Tuesday, June 30, 2015

The Bridges and Arches of Central Park - Part 2

This is a continuation of my previous blog where my friend Angel and I walked through fifteen of the thirty bridges and arches in Central Park. This article will be about the next fifteen bridges and arches. I will continue to link them with their specific pages from Bridges of Central Park as the book contains detailed descriptions.

The last bridge we covered in Part 1 of this blog was the Ramble Bridge, and while we were in the area, we saw one of the rustic bridges which has a view of the Lake. A lot of people were crowding on the bridge and when I tried to see why, this was what I saw.

A black-crowned night heron stalking prey!  

We didn't try to find the other rustic bridge as it was deep inside the Ramble near the Azalea Pond. What we did was skirt the Ramble's edge along the Lake until we came to the most famous bridge in the park, the graceful Bow Bridge.
Bow Bridge, so familiar to all friends of the park, stands today as the most revered of all the Central Park bridges. The grace and style of the balustrade and the story of cannon balls set in its base somehow set Bow Bridge apart. Like the others, it is in scale and harmony with the surroundings, connecting the Ramble and Cherry Hill with a graceful arch over 60 feet of the Lake. Original plans for the abutments' interior note the presence of cannon balls as movable bearings at the Ramble end of the span, to allow the cast iron to expand and contract. Unitized girders span 87 feet, with an expansion differential of 2 to 3 inches from the hottest summer day to the depths of winter's cold. The bridge is 15 feet 8 inches wide and its arch rises 9 feet 6 inches above the level of the Lake. Some 19 drawings survive in the Municipal Archives.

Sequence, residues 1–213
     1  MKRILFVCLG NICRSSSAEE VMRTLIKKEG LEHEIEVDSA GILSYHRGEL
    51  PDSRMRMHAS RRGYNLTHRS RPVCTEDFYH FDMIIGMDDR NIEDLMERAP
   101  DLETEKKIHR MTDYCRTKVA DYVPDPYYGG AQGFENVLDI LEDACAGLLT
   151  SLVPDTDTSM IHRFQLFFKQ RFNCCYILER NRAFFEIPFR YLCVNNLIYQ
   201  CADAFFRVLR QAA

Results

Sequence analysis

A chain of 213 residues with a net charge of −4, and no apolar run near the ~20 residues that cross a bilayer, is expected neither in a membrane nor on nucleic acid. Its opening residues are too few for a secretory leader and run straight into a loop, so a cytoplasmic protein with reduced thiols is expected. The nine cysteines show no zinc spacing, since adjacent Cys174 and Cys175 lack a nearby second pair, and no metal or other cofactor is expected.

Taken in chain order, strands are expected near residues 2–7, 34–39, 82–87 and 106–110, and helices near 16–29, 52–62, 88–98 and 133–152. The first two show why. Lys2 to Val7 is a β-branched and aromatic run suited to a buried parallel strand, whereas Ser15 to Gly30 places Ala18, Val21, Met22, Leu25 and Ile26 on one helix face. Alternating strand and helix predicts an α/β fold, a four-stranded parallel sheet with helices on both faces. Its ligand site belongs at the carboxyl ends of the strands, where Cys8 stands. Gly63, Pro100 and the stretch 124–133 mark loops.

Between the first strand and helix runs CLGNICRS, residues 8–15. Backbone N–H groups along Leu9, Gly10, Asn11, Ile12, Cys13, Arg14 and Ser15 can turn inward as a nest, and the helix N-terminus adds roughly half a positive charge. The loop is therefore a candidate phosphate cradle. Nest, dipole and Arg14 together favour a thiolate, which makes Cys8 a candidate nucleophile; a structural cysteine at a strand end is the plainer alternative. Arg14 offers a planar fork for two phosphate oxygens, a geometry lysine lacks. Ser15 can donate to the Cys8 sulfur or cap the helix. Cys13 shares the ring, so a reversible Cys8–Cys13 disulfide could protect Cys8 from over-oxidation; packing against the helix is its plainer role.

The span was constructed in 1859-60, with ironwork provided by Janes, Kirtland & Co. While work was underway, the company won the contract for the dome of The Capitol in Washington, D.C. Bow Bridge was rushed to completion, with minor changes made to save time. In 1862, the railing was in place.

The above photo was taken a month before, on a beautiful spring day. A week after I took that photo, the bridge was closed for restoration workOn the day of our walk, the southern end of the bridge was covered with tarp which the gondolier deftly avoided as he proceeded to steer his passengers along the lake. 

There is a small piece of land which juts out in the Ramble that has a great view of both the Bow Bridge and the Terrace Bridge across the Lake.
From an upper terrace, grand stairways on either side descend to an esplanade or "water terrace" below. At its center is the famous Bethesda Fountain. Above the fountain's several basins and iridescent cascade, above its clustered cherubs, stands the Angel of the Waters. Taken together the Bethesda is the city's greatest fountain.The bridge, so far as it serves to carry the carriage road and walk over the entrance from the Mall to the Lake, has a height of 16 feet, a span of 29 feet, and a breadth of roadway of 45 feet. The roadway is supported on wrought iron girders 24 inches in depth, ranged 6 feet 11 1/4 inches apart, and connected with brick arches. The girders rest upon a portion of the main sidewalls of the Terrace structure.

A closer view of the arches.